"All disease begins in the gut." – Hippocrates
This quote may be over 2,500 years old, and it points out quite clearly that our gut, or rather good digestive health, is vital for our overall physical and mental well-being. In fact, a good digestive system can also ensure that our immune system functions optimally.
Unfortunately, many Malaysians tend to neglect their digestive health. This neglect comes in the form of overindulging in unhealthy food such as deep fried and oily food which are fattening and food that are high in sugar or salt content. Our society also generally leads a sedentary lifestyle as we lack daily physical exercise. This has resulted in Malaysia achieving the highest obesity rate in South East Asia. Such unhealthy lifestyle factors will have negative impacts on one's digestive health and immune system.
Associate Professor Dr Raja Affendi Bin Raja Ali, Consultant Physician and Gastroenterologist at the Hospital Canselor Tuanku Muhriz, Pusat Perubatan Universiti Kebangsaan Malaysia (PPUKM) remarks, "In general, good immunity stems from good gut health, which is positively influenced by leading a healthy lifestyle that incorporates healthy eating habits and regular physical activities. However, many do not realise that immunity is closely related to their digestive health."
"The gut microbiome plays a critical role in your overall health and well-being, and the good bacteria that resides in our gut provides us with many beneficial functions for our body and mind. The most important functional role it plays is being our body's 'defender', where it acts as the first line of defence against various diseases and infections. For example, a study performed in New Zealand showed how daily intake of probiotics reduced the duration and incidence of infections among elite rugby players," revealed Assoc Prof Dr Raja Affendi.
Benefiting kids and adults
A study in 2010 showed that daily intake of Lactobacillus was effective in reducing the frequency of upper respiratory infections and the symptoms of fever and cough in children aged between 1-4 years. Subsequently, in 2011, another study on healthy adults showed that a large percentage of the group who received influenza vaccination and consumed Lactobacillus daily received a significant boost in their immune response.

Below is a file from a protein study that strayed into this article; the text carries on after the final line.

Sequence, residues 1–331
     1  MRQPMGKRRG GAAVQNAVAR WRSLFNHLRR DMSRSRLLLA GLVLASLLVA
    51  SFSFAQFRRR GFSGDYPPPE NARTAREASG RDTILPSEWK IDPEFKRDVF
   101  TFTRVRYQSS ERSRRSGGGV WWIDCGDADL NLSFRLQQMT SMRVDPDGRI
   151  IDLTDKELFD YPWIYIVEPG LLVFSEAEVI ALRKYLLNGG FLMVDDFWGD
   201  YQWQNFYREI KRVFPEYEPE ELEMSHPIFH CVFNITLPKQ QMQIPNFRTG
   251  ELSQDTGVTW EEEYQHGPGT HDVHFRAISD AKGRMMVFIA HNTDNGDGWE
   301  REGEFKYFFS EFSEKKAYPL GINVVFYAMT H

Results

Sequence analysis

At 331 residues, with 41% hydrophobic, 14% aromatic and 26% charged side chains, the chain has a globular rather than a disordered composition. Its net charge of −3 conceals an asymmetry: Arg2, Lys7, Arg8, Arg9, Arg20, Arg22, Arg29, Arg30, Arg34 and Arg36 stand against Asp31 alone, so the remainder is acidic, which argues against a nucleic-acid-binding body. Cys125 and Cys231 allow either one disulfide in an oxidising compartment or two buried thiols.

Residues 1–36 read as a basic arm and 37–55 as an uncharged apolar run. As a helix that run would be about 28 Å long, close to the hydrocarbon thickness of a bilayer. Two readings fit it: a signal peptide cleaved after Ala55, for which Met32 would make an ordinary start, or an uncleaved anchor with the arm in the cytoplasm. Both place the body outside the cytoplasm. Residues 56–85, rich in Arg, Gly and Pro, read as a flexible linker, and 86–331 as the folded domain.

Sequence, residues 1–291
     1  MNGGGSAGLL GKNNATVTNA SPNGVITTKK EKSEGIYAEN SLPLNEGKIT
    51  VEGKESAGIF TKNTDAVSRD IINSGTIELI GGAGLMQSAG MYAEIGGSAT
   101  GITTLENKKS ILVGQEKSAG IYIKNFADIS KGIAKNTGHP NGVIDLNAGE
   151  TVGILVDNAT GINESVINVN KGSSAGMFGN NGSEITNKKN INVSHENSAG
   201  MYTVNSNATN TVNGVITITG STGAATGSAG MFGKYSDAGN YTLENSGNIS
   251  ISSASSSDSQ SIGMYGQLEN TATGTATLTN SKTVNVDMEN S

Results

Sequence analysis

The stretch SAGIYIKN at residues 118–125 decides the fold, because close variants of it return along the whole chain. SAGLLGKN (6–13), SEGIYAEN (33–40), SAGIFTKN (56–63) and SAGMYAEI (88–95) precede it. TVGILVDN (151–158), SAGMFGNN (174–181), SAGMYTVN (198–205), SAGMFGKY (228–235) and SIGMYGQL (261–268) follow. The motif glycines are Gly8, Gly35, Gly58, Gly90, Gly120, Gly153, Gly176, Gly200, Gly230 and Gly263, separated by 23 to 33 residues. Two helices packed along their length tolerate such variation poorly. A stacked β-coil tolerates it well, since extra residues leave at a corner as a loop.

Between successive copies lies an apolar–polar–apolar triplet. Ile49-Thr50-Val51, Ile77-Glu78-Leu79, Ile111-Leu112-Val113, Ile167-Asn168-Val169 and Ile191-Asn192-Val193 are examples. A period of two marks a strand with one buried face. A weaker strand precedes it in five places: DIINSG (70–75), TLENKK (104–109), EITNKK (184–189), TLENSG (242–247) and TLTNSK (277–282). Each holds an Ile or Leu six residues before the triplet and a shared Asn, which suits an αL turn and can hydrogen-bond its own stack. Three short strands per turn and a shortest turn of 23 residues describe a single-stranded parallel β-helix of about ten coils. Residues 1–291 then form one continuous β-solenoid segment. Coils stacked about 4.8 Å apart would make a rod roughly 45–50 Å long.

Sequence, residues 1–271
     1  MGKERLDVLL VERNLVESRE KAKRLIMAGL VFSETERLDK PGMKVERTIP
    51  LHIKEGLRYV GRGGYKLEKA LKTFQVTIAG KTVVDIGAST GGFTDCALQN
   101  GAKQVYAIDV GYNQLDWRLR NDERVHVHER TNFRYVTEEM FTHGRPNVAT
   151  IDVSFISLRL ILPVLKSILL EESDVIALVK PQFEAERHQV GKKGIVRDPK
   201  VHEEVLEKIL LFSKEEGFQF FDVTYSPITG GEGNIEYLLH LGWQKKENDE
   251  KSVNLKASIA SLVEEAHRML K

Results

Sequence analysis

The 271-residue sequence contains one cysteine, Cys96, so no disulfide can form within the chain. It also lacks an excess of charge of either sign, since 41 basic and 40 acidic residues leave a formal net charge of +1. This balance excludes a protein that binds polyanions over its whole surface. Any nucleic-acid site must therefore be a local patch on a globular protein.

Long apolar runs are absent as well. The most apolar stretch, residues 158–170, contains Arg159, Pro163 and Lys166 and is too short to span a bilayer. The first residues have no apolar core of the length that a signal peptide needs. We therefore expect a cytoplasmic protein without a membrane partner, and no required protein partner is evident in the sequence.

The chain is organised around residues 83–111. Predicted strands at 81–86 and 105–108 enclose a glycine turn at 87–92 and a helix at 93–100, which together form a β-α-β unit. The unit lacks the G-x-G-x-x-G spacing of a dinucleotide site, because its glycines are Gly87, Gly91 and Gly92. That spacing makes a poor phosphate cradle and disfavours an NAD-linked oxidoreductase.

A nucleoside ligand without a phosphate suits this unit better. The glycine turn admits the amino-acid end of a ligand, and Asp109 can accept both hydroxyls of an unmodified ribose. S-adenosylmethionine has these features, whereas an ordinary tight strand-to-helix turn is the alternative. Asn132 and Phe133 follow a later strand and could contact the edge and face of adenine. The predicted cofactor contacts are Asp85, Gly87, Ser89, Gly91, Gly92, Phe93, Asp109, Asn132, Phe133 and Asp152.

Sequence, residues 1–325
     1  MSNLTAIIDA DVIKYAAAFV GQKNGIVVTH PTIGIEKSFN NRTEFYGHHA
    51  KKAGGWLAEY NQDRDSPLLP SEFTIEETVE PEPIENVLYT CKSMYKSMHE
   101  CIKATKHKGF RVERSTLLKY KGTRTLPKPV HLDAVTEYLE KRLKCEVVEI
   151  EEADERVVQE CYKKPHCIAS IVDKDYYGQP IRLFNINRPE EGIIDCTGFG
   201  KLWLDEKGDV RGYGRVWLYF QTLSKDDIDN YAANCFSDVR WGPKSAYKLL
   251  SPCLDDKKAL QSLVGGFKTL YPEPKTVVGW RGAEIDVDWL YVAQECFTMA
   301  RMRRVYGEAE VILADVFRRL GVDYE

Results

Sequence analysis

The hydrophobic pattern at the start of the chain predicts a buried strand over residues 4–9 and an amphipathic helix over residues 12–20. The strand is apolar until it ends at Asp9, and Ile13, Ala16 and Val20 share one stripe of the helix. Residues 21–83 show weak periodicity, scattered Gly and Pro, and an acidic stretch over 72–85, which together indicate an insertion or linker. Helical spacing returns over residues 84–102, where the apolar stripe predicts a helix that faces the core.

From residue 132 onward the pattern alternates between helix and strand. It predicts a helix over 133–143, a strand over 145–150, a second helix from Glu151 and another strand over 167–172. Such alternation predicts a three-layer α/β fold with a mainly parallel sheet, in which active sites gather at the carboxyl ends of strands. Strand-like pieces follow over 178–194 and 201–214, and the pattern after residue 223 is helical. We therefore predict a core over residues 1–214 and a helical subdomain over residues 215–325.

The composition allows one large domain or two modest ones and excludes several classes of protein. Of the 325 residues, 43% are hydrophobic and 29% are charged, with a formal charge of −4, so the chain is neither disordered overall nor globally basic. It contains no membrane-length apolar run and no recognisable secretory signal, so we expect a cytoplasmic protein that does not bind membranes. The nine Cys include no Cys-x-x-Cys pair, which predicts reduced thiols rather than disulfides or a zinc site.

"Probiotics play a protective role against infections that are mainly transmitted via the mucosal membrane, such as the influenza virus. The research further suggested that by consuming Lactobacillus, you can expect an improvement of certain antigen-specific responses that are beneficial to your body," Assoc Prof Dr Raja Affendi elaborates.
So small yet so powerful
Probiotics are easily found in cultured milk drinks, yogurt, tempeh, and fermented vegetables (e.g. kimchi or acar). The effectiveness of these good bacteria is being further researched in an ongoing local study conducted at PPUKM led by Assoc Prof Dr Raja Affendi. The research has thus far showed clear and promising evidence that the Lactobacillus acidophilus and Lactobacillus casei strains are noticeably effective in promoting better digestive health and has furthermore shown great potential to give positive influence to the immune system.
The initial results of this ongoing study shows improvement in digestive health, with notable improvements in reducing intestinal transit time (ITT). Intestinal transit time is the time taken for food to travel from your mouth through your digestive tract and out of your body through your rectum. The initial research results also included significantly improved constipation symptoms among subjects who are healthy and those who have constipation. With improved ITT, the toxin build-up that occurred as a result of constipation is minimised and therefore enables the digestive system to absorb the food nutrients more effectively. On top of that, the researchers also found a positive relation between daily consumption of cultured milk drinks and the immune system of the research subjects.
However, in order for probiotics to flourish, it also needs food known as prebiotics. Prebiotics can be found in high fibre foods such as whole grains, onions, garlic, banana, shallots, leeks, and asparagus.
"Remember, although consuming probiotics may help to boost your immune system, do not expect it to completely prevent illnesses. It is not an ultimate shield for diseases and illnesses. It is critical that you make it a point to take care of your own health by eating a healthy diet, exercising regularly, getting sufficient sleep and managing your stress levels. More importantly, don't forget that leading a healthy lifestyle is just as important as it will help to ensure you lower your risk of falling ill," advised Assoc Prof Dr Raja Affendi.